Parents are not obliged to inform the local authority of any change of address – on this basis children could disappear. There is no statutory right to see the child or parent or enter the place at which the child is being educated including the home, other than if someone reports safeguarding concerns. Monitoring is not required in law and it is therefore difficult to engage with parents who are resistant or resentful of local authority education officials.

Why do parents choose to educate their children at home? There are many reasons for this, most commonly:

  • Parents want to educate their child in a way that they think is best and that fits with their own social or religious philosophy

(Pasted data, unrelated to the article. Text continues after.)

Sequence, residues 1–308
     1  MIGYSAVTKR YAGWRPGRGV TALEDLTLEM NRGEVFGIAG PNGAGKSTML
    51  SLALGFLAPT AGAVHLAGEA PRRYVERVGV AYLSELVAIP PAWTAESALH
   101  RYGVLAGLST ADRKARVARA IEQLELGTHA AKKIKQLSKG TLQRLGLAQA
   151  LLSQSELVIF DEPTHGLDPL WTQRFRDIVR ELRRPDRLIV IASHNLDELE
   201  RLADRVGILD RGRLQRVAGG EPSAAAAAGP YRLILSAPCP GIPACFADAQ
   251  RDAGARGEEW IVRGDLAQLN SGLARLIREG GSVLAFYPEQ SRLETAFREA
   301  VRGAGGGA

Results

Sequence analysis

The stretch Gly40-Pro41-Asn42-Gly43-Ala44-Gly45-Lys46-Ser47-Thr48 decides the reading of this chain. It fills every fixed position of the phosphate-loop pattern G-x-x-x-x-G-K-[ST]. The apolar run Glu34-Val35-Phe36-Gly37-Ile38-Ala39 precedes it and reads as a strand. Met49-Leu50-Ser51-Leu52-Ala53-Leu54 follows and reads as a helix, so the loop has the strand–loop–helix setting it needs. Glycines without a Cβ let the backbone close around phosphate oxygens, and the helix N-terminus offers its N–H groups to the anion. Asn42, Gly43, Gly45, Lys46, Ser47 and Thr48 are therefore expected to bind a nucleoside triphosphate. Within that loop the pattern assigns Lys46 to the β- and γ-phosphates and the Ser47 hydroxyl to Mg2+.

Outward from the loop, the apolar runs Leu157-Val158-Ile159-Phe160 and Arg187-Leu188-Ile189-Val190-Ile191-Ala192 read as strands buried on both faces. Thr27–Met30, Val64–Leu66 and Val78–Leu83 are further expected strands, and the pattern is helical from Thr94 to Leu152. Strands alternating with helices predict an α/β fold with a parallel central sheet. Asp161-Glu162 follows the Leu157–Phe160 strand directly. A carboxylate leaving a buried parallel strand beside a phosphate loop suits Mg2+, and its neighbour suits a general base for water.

• The child is unhappy at school, is being bullied and/or the parents are unhappy with the way the school dealt with concerns.
  • The child was not allocated a place at a school of their choice and elective home education is a stop gap measure or a way of pressuring the LA to provide a place.

There are two other reasons for parents wanting to educate their children at home – The first is parents wishing to avoid potential prosecution for poor attendance or non attendance; the second is parents seeking to avoid a threatened permanent exclusion.

Both attendance and exclusions affect school results in Ofsted inspections. A schools needs to have 95% attendance to meet the ‘Outstanding’ grade. Four and a half days of attendance per week for school term time, for a child amounts to 90% attendance and anything below this  would be 80% and therefore is classed as persistent absence.  Elective home education takes children off the school roll and avoids the difficulties of Ofsted ratings. In some cases it is known that schools will help parents to write the formal letters, where they are unable to read or write to request home education.